“Growing economies, such as Guyana, need to pay attention to the conditions that are necessary for success. These include sound economic fundamentals, combined with a solid regulatory environment that facilitates the conduct of business, built around the cornerstones of free enterprise, free trade and free markets. The pursuit of these fundamentals will help to establish Guyana as one of the most attractive business hubs in the region, Devine stated.

He noted that countries across the globe are engaged in the continuous process of stripping away red tape that can affect the vibrancy of their investment potential and questioned whether gold or oil or anything else will really sustain the economy in the long-term if the regulations are not right. “It is hard to say but one thing is for sure: If there is lax enforcement and transparency of the rules and little done to update them, it will make it more difficult to attract needed investment,” Devine asserted. “The work of promoting ethical and responsible investment is an important issue for any country – but can also be challenging and we all know that there is always room for improvement,” he added.

Meantime, in his remarks, Ramotar said that government welcomes the support of friends in the international community but added that it sometimes gets the feeling that boundaries are often overstepped. He pointed to the situation of trafficking in persons and said that “subjective and unfair positions” can harm the reputation of the country which is extremely important for attracting investments. These unjust and unfair judgments can lead to undermining of useful partnerships, Ramotar said.

He cited the US State Department’s human trafficking report, which he said year after year “fails to take …account of Guyana’s realities” and is inconsistent in its method of ranking Guyana, and fails to take into account reports and facts that Guyana has to submit. “We are unfairly judged and unfairly ranked,” the president said.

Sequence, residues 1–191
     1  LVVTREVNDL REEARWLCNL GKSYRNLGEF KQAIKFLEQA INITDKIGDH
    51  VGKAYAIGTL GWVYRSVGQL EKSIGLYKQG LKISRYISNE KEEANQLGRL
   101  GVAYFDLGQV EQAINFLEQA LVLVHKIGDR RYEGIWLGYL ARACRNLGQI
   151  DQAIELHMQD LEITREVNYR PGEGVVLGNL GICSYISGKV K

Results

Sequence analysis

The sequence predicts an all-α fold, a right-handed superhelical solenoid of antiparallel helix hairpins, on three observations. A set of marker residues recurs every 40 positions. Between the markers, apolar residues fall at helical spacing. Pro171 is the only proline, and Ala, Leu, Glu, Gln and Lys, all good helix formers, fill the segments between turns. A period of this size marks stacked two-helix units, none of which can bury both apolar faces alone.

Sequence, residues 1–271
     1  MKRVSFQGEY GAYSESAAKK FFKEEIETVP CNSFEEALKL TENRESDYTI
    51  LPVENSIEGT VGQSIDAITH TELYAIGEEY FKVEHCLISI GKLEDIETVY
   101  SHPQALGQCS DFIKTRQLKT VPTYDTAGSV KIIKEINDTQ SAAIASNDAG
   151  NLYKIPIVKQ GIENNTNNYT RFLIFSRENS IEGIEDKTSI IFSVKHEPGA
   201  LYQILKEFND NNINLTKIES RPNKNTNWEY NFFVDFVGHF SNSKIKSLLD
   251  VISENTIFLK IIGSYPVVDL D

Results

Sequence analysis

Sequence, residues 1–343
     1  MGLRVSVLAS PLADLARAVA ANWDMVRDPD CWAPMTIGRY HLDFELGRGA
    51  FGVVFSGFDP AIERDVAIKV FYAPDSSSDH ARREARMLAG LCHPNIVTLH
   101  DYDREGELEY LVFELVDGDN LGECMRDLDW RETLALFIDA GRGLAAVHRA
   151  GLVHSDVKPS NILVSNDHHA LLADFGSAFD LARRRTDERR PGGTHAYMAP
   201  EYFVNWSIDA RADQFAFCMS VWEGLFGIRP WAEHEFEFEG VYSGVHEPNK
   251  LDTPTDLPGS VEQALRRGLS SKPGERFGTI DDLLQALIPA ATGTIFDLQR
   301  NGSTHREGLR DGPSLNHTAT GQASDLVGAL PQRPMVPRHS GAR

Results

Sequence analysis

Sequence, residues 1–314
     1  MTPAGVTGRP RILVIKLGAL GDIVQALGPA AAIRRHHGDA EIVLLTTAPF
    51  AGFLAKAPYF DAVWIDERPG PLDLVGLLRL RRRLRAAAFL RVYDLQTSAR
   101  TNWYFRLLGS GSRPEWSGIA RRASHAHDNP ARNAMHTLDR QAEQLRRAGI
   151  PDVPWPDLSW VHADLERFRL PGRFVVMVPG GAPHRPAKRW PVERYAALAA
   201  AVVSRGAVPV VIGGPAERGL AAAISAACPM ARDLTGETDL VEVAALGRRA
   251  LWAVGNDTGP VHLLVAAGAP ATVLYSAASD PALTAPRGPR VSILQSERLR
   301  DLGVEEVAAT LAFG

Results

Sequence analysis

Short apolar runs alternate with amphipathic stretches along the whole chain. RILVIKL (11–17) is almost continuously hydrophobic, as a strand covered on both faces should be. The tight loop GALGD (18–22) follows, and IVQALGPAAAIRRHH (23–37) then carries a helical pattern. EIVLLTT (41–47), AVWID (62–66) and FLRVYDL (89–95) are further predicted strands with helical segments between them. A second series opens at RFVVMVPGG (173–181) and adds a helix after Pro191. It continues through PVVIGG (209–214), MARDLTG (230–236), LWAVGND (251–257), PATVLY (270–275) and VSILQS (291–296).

He said that US has far worse versions of the same challenges that Guyana faces and Guyana has stepped up efforts but this year was downgraded.* The president also said that he does not believe a lot of what is written is true.

Guyana is open for investment, Ramotar also said, having noted that government has been investing heavily in infrastructure and he also pointed to the increase in foreign and local investments. He acknowledged that there are some problems with red tape and bottlenecks but said that these are being dealt with. He said that Guyana needs more investments and to do this needs new types of infrastructure. He highlighted that a priority is building human capital and government has been creating the conditions for this. Cheap energy is needed and the hydro-electric power station is important, he said.

The president also said that Guyana has great potential for tourist development and government is trying to create the infrastructure for investments in this area. A deep water harbour and the Linden-Lethem road remain priorities, he said.

* Correction: An earlier version of this article incorrectly stated that this is the third consecutive year that Guyana has been placed on the Tier 2 Watch List in the US State Department’s annual human trafficking report. In fact, Guyana was placed on Tier 2 in the report for the two previous years and on the Tier 2 Watch List in this year’s report.